As a parent, I have often thought that what I say to my children goes in one ear and right out the other, not stopping to register in the brain as it quickly passes through. I can tell my kids, in an increasingly louder voice, to clean their room until I have escalated into some crazy screaming person. When I have reached the point of maniacal mom, they turn innocent faces to me and say “We didn’t hear you, Mom.”
I have always heard that children learn more by watching than by hearing, but I had always secretly suspected that that statement was merely an urban legend generated by parents whose children never listened to them. Still, I held onto the statement like a lifeline, hoping that by some miracle it was true.
Then, it happened! I saw with my own eyes and heard with my own ears, two of my children talk and act like miniature versions of myself. The two in question were preparing themselves a snack while I was nursing the baby. They pulled out a box of cereal and the skim milk, but instead of just filling the bowl the younger one brought out a measuring cup and had his older brother measure the cereal so they would eat the correct portion size.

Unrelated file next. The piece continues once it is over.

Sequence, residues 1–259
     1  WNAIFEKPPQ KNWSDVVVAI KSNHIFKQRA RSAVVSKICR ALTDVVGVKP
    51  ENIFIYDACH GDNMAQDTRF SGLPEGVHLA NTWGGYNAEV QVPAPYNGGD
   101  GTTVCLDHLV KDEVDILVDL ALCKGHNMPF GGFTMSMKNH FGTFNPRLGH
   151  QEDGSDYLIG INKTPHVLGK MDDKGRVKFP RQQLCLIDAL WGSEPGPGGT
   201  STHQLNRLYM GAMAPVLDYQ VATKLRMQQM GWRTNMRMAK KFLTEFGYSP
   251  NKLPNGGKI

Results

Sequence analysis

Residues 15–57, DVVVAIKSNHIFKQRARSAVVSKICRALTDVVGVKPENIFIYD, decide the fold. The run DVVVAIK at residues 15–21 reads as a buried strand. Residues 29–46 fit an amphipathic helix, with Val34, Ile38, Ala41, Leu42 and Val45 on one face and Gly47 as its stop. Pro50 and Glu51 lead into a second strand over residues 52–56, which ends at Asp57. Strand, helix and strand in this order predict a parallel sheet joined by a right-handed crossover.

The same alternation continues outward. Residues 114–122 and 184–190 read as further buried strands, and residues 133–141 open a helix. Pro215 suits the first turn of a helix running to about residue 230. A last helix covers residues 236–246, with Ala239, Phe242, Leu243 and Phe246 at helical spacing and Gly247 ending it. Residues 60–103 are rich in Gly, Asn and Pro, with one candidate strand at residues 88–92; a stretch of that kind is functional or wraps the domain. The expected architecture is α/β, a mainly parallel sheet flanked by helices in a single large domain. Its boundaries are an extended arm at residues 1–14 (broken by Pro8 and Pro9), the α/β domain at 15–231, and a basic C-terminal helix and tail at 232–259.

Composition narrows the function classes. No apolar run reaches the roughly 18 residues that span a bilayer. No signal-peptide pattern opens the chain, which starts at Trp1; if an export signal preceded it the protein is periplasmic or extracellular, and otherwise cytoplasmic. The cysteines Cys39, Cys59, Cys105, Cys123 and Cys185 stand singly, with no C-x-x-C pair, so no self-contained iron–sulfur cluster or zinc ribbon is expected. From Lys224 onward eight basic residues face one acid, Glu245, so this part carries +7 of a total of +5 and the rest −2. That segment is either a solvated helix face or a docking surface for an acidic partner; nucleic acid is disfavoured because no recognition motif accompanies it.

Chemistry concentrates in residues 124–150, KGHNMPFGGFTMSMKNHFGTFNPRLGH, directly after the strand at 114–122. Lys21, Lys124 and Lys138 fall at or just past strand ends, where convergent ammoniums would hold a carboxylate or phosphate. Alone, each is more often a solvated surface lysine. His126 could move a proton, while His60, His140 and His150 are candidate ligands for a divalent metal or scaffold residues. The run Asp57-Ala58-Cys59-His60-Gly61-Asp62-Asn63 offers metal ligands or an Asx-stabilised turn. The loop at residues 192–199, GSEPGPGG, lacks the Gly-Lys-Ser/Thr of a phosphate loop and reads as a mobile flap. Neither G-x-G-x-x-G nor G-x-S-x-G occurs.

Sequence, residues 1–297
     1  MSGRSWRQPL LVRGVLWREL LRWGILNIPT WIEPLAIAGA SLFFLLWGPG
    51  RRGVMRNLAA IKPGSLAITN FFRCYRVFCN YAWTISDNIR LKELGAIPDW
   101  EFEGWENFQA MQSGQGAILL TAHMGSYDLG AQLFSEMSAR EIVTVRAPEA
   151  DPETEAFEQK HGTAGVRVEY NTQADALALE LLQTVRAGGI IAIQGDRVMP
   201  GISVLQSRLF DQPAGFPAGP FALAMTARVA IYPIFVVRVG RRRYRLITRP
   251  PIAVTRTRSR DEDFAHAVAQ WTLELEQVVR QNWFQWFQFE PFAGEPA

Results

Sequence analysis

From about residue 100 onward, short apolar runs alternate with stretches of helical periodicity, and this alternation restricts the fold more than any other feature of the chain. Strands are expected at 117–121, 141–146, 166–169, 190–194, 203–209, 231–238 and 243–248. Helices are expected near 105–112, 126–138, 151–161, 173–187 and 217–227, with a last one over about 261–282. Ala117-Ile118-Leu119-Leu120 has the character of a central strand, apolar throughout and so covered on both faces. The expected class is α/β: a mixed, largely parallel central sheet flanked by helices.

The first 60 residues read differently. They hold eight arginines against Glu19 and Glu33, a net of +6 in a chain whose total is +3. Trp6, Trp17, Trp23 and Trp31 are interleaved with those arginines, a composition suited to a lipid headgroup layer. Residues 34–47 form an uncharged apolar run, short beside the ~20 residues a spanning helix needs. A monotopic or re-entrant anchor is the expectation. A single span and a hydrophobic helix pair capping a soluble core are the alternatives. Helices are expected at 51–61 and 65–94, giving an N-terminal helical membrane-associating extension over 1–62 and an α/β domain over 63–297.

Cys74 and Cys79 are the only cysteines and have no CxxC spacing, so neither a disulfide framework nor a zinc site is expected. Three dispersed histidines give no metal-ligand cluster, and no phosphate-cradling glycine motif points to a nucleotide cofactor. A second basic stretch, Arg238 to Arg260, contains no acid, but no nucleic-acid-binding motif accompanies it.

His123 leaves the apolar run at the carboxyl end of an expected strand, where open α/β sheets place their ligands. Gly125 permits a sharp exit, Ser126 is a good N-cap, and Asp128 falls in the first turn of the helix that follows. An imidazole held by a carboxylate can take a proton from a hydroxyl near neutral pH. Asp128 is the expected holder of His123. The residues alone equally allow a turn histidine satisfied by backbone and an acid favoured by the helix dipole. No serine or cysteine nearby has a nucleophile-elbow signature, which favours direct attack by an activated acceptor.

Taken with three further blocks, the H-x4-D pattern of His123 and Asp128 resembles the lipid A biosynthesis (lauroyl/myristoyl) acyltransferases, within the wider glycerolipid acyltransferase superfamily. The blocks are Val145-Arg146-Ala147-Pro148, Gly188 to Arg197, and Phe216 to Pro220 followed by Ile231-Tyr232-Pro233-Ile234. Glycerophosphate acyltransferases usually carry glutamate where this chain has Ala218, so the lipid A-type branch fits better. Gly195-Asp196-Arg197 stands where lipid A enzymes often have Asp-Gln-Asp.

As they sat down to eat, the older one began to critically analyze the nutrition panel on the side of the box, verbally making his assessment of the nutritional values. “Calories, 200. Only 1 gram of fat, that’s good. No cholesterol. Hmmm, kind of high in sodium, 290 mg. Good potassium. Wow! 7 grams of fiber, that’s really good. Only 5 grams of sugar, that’s not too bad. Six grams of protein, that’s good for cereal.” As he made his assessment his younger brother munched on the cereal, nodding his head in agreement.
I couldn’t believe it! It wasn’t an urban legend, my kids had learned from watching me. My actions and choices were observed, noted and mimicked. Forget the old “Do as I say, not as I do.” adage, and teach your kids to “Do as I do.” Don’t tell them to go outside and play when they never see you move away from the computer. Don’t tell them not to drink soda when that is all they see you drink. Don’t tell them to eat their veggies when you have a (not so) secret stash of chocolate in your underwear drawer.
Be the example for your kids! Get up and do something active. Have a glass of water. Get rid of the chocolate stash. Drive past the drive thru.Try a healthy new recipe. Buy some fruits and veggies to snack on. Join a gym. Watch what you eat. Let your kids see you make healthy choices and they will soon be making them, too.
By making healthy food choices, exercising and being active, and living a healthy lifestyle I have set a healthy example for my kids that has already made an impact on them. The foundation for making healthy choices has been laid without my having to say a word.
Now, if I can just get them to clean their room..